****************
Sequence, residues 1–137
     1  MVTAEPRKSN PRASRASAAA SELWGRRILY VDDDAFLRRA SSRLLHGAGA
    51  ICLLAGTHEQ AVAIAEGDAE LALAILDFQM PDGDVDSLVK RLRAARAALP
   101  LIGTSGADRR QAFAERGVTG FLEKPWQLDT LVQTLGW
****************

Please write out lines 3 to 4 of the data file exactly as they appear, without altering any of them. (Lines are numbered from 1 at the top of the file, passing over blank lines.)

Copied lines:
    51  ICLLAGTHEQ AVAIAEGDAE LALAILDFQM PDGDVDSLVK RLRAARAALP
   101  LIGTSGADRR QAFAERGVTG FLEKPWQLDT LVQTLGW